PROSPECT guideline for tonsillectomy: systematic review and procedure-specific postoperative pain management recommendations

Study Type & Method: This is a systematic review on the management of pain after tonsillectomy in adults and children. It was reviewed by the procedure-specific postoperative pain management (PROSPECT) working group, a collaboration of surgeons and anaesthetists that formulate procedure-specific pain management recommendations after operations.

They used the PROSPECT methodology to perform a literature search on randomised controlled trials on pain management and tonsillectomies. They excluded mixed surgical procedures and procedures other than adenoidectomy or tonsillectomy. They divided studies into adult, paediatric or mixed groups (where they were unable to determine the ages within the groups) and performed a qualitative assessment of the data with no meta-analysis looking at pain intensity scores on either visual analogue scale or numerical rating score as the primary outcome. The level of evidence was graded, recommendations were drafted by the authors and sent to the PROSPECT working group for review. A consensus was achieved within the group on the recommendations for best practice analgesia in tonsillectomy patients.


  • All patients should have a basic analgesic regimen including paracetamol and NSAIDs administered either pre- or intra-operatively and continued post-operatively.
  • A single dose of IV dexamethasone is recommended intra-operatively for analgesic and antiemetic effects.
  • In patients with contra-indications to the basic analgesic regimen, preoperative gabapentinoids, dexmedetomidine and/or intra-operative ketamine (in children only) are recommended as alternative analgesic medications.
  • Analgesic adjuncts, such as intra-operative or post-operative acupuncture and post-operative honey are also recommended.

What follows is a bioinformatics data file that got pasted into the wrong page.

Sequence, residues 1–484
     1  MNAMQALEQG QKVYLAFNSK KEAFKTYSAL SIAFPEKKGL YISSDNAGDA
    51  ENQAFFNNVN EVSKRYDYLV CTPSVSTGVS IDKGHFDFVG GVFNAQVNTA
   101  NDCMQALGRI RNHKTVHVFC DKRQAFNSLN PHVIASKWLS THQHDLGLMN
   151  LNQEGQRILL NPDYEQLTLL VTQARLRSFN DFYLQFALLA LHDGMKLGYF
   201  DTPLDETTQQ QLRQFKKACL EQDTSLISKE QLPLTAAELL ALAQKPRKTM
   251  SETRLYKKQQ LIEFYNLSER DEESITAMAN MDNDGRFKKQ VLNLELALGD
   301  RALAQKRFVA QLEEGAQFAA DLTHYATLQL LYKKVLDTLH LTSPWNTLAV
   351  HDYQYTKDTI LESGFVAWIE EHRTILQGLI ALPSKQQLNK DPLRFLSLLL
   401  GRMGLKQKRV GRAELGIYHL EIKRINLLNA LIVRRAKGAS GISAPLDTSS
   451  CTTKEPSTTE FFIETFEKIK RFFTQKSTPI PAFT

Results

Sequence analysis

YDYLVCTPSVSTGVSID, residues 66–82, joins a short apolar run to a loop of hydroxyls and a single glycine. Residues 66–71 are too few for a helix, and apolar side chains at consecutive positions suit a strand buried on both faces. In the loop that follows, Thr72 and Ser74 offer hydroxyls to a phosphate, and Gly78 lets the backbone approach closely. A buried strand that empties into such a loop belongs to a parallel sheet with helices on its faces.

• Opioids should be reserved as rescue analgesics in the post-operative period.


The study addresses an important topic which is applicable to a large population of paediatric patients in multiple hospital settings.

In its favour, it provides evidence-based guidance on a basic analgesic regimen with recommendations for evidence-based adjuncts if there were contraindications to the basic analgesic regimen. There were also a good number of studies included (226).

Limitations included heterogeneity between studies with variable doses, routes of administration of drugs, time points of pain recording and absence of properly designed control groups in some studies. Most studies were also of small size so may have overestimated the effect of analgesia. Also, some drugs e.g., paracetamol only had weak evidence for its efficacy (Grade D) when compared to NSAIDS and dexamethasone (both Grade A) but it was still included in the basic analgesic regimen after review by the working group.

This was a thorough review, which attempts to introduce guidelines on the use of basic analgesic regimens for tonsillectomy based on the evidence available.

Reviewed by Dr Patrick Rubie